Nurses' Attitudes, Knowledge and Confidence in Preventing and treating Deconditioning in the Elderly

2.50
Hdl Handle:
http://hdl.handle.net/10755/152129
Type:
Presentation
Title:
Nurses' Attitudes, Knowledge and Confidence in Preventing and treating Deconditioning in the Elderly
Abstract:
Nurses' Attitudes, Knowledge and Confidence in Preventing and treating Deconditioning in the Elderly
Conference Sponsor:Sigma Theta Tau International
Conference Year:2007
Author:MacDonald, Brenda, BN, MSc, MEd
P.I. Institution Name:St Francis Xavier University
Title:Assistant Professor
Co-Authors:Angela Josephine Gillis, PhD, RN and Allene MacIsaac, MScN, RN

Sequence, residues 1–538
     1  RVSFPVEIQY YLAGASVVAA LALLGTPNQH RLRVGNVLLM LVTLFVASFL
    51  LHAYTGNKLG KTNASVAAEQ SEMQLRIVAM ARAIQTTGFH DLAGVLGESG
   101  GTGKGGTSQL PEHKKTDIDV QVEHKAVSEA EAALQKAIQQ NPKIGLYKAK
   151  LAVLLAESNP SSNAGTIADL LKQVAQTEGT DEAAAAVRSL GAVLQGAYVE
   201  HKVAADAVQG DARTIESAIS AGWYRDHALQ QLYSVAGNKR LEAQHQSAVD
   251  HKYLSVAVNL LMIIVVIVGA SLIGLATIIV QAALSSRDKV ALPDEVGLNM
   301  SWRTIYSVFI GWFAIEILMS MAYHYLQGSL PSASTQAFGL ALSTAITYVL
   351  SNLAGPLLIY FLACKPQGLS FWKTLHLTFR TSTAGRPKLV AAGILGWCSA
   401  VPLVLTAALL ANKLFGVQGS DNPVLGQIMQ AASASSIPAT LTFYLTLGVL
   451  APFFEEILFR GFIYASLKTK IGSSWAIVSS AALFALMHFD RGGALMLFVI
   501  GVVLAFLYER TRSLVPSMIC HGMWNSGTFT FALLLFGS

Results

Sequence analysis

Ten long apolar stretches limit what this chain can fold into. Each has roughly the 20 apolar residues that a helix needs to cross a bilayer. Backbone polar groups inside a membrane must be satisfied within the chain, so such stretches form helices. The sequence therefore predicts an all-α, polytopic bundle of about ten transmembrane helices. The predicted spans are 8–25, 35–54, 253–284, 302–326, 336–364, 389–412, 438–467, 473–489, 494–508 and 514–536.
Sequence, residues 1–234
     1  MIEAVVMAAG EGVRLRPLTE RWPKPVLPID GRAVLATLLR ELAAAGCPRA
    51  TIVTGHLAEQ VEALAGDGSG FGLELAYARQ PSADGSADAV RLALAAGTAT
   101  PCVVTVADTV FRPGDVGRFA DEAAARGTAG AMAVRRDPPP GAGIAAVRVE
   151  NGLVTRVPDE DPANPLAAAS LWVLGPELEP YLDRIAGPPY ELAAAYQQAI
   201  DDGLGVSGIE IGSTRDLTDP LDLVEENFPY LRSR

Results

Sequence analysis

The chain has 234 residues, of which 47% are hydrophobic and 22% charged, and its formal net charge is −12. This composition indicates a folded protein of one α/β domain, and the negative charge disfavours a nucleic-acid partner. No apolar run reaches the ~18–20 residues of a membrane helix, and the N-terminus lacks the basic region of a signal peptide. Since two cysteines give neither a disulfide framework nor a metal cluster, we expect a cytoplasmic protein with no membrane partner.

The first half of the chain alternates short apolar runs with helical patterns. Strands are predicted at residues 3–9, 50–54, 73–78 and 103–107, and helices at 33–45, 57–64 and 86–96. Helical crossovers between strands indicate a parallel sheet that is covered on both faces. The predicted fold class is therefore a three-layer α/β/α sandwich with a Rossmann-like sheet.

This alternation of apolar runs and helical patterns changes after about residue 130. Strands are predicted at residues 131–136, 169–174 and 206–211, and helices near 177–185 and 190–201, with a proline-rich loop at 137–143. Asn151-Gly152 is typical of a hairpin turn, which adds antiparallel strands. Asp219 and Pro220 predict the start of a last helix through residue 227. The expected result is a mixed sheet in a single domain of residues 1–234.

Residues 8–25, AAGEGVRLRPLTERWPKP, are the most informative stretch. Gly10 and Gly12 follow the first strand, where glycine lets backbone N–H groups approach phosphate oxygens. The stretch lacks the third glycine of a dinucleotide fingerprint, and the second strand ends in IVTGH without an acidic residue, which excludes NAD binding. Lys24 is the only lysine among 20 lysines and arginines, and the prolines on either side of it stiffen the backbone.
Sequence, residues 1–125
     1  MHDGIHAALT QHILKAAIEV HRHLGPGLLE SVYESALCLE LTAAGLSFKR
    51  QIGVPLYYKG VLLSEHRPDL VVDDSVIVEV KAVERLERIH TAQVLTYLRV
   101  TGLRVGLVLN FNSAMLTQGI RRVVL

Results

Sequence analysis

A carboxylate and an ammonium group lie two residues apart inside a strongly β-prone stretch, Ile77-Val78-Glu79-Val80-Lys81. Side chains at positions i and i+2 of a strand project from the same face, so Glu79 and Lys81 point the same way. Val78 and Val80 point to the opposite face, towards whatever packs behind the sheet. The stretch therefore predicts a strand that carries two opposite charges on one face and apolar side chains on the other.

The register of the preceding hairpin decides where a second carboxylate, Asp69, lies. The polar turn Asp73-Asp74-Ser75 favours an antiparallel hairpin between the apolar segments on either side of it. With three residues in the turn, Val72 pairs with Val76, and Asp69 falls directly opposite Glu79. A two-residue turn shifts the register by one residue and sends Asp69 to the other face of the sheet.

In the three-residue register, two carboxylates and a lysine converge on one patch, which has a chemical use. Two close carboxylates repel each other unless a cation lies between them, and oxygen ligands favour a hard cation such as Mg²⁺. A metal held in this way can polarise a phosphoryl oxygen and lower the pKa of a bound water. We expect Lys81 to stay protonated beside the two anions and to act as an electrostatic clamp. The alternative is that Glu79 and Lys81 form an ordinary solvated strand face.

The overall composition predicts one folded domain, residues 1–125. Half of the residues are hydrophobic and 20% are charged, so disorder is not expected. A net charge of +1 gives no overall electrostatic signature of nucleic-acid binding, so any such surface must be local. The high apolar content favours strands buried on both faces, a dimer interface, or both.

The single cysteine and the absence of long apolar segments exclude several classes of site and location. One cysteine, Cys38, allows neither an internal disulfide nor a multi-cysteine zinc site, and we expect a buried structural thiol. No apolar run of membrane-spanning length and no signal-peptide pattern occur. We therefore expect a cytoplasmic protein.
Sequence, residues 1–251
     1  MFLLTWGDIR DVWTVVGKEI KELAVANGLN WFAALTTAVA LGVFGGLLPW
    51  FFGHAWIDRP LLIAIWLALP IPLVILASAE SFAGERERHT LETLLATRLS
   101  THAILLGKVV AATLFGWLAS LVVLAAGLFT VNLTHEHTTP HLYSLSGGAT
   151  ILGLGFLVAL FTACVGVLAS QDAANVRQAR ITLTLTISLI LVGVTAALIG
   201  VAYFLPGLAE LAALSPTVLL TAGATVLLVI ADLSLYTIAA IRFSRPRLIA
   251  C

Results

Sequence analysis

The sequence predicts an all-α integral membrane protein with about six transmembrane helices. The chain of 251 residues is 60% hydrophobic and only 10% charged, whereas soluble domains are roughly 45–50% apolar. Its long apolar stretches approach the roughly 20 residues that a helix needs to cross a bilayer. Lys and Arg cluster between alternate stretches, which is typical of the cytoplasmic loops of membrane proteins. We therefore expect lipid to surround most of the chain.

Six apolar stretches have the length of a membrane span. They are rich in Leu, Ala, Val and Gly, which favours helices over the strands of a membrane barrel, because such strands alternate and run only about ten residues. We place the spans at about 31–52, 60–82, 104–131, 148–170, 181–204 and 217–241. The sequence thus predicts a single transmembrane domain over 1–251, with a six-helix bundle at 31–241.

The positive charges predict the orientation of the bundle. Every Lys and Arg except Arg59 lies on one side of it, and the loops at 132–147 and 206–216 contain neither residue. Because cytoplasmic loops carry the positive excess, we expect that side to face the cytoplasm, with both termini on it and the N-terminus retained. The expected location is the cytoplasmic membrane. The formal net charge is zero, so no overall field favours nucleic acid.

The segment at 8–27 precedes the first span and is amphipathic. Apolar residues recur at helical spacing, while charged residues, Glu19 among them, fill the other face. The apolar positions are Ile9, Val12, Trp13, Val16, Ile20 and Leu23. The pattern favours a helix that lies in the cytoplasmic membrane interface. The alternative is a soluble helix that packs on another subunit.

[Research Presentation] AIMS: This paper explores the factors that facilitate as well as the factors that act as barriers to the prevention and treatment of deconditioning in the hospitalized elderly. Deconditioning is a serious problem; however, it is potentially preventable and treatable. Specifically, the paper reports on the preliminary findings of a pilot study designed to assess nurses' knowledge, attitudes, and confidence in providing care to prevent and treat deconditioning in the hospitalized elderly. METHODS: A descriptive correlational design was used to examine the study variables in a convenience sample of 236 nurses. In particular, the following questions were addressed: What is the knowledge level ofánurses related t: a)áassessment of deconditioning in the elderly b) health risks associated with deconditioning in the elderly? c) interventions to promote maximum physical functioning in the elderly? What is the confidence level of nurses in providing care to improve or maintain physical functioning in the elderly? What is the attitude of nurses towards their role in the implementation of resistance exercise programs for the hospitalized elderly? What are the enabling and the inhibiting factors that influence the nurses' role in prevention of deconditioning in the elderly? RESULTS: Data analysis is currently ongoing. Preliminary results suggest that nurses have low levels of knowledge about assessing and preventing deconditioning but higher levels of knowledge regarding interventions. Confidence levels also warrant attention. CONCLUSIONS: The significance of the study lies not only in the evaluation itself, but in the recommendations to be generated. Nurses who are knowledgeable about deconditioning should be able to anticipate the risks and take steps to prevent the cascade of iatrogenesis. An anticipated outcome is the provision of information that will be pertinent to essential curriculum content for Schools of Nursing.